A rare case of a familial form of nonsyndromic trigonocephaly
Salahiddine Saghir, Anass Ayad
The Pan African Medical Journal. 2015;21:264. doi:10.11604/pamj.2015.21.264.6706

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A rare case of a familial form of nonsyndromic trigonocephaly

Cite this: The Pan African Medical Journal. 2015;21:264. doi:10.11604/pamj.2015.21.264.6706

Received: 01/04/2015 - Accepted: 19/06/2015 - Published: 07/08/2015

Key words: Trigonocephaly,metopic suture,craniosynostosis

© Salahiddine Saghir et al. The Pan African Medical Journal - ISSN 1937-8688. This is an Open Access article distributed under the terms of the Creative Commons Attribution License (http://creativecommons.org/licenses/by/2.0), which permits unrestricted use, distribution, and reproduction in any medium, provided the original work is properly cited.

Available online at: http://www.panafrican-med-journal.com/content/article/21/264/full

Corresponding author: Salahiddine Saghir, Military Hospital Mohammed V, Rabat, Morocco (s.salahiddine@gmail.com)


A rare case of a familial form of nonsyndromic trigonocephaly

 

Salahiddine Saghir1,&, Anass Ayad1

 

1Military Hospital Mohammed V, Rabat, Morocco

 

 

&Corresponding author
Salahiddine Saghir, Military Hospital Mohammed V, Rabat, Morocco

 

 

Image in medicine

Isolated trigonocephaly is a nonsyndromic form of craniosynostosis characterized by the premature fusion of the metopic suture. Incidence is estimated at 1/15,000 births. Males are more frequently affected than females (sex ratio of 2:1) and the frequency of trigonocephalic twins is unexpectedly high. The premature closure of the metopic suture results in deformation of the anterior portion of the calvarium and a triangular-shaped forehead. In mild forms, only prominent ridging of the metopic suture is visible; while in more severe forms marked narrowing of the frontal and temporal regions affects the supraorbital rims leading to hypotelorism. The psychomotor development of patients is usually normal and the majority of cases are mild. Most cases are sporadic but familial forms with apparently autosomal dominant transmission have been reported (7-8%). However, the concordance rate of isolated trigonocephaly in monozygotic twins is 43%, suggesting that both genetic and environmental factors are involved in the etiology of this disorder. We report the case of a male newborn infant, having a notion of craniosynostosis in siblings (first brother) and family, the vaginal delivery was at 39 weeks of gestation, his birth weight was 3000 g, length 52 cm, and head circumference 34 cm, the Apgar score was 10/10/10, the clinical examination suspected trigonocephaly (B,C) without other birth defects, the diagnosis was confirmed by a CT scan , the brain parenchyma and the karyotype were normal (A,D). The child was followed in consultation until the age of 1 year and presented normal psychomotor development.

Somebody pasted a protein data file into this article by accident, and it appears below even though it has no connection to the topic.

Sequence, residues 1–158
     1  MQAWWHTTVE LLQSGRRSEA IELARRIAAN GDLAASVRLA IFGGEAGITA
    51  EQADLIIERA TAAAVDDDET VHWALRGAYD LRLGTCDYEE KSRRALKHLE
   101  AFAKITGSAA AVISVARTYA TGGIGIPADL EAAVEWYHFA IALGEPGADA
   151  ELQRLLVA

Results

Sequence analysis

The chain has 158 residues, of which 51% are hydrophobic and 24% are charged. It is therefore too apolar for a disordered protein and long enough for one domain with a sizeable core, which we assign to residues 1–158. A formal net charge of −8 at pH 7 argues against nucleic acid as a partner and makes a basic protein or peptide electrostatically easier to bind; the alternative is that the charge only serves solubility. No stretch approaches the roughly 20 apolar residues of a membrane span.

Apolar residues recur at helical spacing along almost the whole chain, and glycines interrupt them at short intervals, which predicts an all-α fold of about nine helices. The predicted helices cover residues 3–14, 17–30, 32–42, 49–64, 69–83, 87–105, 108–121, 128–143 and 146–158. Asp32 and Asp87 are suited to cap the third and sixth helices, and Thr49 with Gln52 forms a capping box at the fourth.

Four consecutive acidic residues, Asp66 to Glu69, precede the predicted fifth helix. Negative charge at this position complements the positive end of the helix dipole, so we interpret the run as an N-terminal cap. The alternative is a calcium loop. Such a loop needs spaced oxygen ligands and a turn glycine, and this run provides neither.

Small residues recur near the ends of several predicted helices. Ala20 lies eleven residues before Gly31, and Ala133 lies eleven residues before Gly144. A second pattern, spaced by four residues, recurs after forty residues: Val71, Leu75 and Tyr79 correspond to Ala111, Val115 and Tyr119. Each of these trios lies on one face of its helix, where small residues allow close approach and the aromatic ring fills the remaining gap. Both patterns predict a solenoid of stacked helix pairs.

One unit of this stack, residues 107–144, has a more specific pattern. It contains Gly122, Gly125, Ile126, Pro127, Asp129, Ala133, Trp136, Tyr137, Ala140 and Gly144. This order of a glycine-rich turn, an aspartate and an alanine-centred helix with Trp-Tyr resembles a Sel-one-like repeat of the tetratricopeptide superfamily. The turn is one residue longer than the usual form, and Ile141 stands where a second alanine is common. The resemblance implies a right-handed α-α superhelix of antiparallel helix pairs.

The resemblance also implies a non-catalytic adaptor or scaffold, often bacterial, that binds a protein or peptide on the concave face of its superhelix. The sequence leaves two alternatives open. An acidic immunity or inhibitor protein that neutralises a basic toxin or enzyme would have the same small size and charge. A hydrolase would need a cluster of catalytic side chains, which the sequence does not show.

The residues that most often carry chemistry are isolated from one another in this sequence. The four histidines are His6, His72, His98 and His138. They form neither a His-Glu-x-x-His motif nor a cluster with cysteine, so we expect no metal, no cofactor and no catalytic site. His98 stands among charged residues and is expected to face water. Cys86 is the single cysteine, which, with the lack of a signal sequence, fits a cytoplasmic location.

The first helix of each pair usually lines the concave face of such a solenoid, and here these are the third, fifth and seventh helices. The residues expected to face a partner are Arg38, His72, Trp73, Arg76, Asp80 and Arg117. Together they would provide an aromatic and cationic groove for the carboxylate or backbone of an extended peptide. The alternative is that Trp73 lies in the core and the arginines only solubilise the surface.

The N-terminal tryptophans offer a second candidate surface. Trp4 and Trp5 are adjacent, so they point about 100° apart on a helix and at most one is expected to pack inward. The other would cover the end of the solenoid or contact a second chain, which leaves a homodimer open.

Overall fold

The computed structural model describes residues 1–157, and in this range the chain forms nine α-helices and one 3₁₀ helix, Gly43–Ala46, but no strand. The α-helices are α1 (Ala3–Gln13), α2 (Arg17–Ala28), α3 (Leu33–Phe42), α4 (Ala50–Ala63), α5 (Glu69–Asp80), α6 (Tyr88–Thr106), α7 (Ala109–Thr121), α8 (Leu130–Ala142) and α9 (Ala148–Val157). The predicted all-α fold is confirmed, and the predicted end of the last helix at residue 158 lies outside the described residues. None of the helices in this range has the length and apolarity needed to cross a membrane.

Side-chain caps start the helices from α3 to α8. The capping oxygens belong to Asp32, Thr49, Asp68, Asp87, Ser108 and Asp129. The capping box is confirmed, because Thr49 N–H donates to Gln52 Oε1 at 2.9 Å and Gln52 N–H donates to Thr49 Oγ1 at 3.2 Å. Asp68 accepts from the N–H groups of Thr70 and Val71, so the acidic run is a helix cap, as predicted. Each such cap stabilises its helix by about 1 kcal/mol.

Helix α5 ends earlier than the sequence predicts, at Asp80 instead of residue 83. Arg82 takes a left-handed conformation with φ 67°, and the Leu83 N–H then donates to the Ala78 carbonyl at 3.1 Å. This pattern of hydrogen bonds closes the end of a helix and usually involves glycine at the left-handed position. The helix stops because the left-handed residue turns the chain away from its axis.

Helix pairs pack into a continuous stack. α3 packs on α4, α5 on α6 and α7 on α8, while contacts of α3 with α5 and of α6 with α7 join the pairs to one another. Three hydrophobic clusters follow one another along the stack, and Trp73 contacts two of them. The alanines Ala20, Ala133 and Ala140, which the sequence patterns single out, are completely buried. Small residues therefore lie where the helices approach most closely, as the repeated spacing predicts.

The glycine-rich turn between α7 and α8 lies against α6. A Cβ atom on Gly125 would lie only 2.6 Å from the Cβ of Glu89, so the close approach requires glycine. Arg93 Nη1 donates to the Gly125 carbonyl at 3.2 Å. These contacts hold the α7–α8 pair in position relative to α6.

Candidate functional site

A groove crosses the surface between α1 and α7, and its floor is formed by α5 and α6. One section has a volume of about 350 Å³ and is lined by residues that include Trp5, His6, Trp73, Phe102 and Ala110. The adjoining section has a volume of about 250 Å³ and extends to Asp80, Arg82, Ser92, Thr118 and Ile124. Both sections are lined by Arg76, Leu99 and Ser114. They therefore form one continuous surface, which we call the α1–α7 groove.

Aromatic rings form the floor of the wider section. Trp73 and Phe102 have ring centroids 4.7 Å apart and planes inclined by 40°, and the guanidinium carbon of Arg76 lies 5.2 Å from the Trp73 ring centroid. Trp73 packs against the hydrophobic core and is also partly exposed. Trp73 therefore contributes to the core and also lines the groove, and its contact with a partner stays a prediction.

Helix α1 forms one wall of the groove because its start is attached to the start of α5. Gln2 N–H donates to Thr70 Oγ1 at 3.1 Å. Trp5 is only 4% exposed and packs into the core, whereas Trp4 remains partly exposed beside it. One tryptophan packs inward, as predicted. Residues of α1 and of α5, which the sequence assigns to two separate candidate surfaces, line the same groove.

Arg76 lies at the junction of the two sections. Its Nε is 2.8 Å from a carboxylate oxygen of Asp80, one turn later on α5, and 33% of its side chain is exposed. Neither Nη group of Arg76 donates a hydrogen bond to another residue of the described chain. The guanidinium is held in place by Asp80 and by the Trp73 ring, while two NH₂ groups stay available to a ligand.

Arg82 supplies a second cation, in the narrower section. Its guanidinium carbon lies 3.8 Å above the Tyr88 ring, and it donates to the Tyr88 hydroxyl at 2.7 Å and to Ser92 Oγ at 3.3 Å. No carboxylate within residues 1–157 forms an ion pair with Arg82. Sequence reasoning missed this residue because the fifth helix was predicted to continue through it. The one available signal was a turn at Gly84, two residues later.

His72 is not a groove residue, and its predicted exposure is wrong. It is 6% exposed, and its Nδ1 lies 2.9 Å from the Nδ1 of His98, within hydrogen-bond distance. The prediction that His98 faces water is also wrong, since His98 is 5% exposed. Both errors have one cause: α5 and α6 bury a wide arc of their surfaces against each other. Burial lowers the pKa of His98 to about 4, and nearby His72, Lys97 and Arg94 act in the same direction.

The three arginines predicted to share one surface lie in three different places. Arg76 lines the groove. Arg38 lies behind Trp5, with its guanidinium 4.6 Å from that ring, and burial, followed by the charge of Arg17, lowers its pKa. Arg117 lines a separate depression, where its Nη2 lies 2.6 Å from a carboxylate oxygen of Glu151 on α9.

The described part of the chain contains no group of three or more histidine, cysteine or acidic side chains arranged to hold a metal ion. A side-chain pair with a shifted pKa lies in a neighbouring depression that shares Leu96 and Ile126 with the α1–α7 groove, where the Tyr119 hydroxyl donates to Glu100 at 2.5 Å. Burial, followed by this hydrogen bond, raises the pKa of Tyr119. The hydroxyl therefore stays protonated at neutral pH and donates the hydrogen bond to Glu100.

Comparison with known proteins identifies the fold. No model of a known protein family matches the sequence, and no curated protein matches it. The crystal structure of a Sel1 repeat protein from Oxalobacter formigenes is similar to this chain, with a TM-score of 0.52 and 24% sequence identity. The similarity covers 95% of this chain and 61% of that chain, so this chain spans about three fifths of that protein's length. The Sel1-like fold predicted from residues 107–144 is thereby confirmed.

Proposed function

Figure 1: (A) the metopic suture fusion at CT-Scan; (B,C) craniosynostosisat the clinical examination; (D) normal brain parenchyma at CT-Scan

 

 

 

 

 

 

 

 

 

 

 

 

 

 

 

 

 

 

 

 


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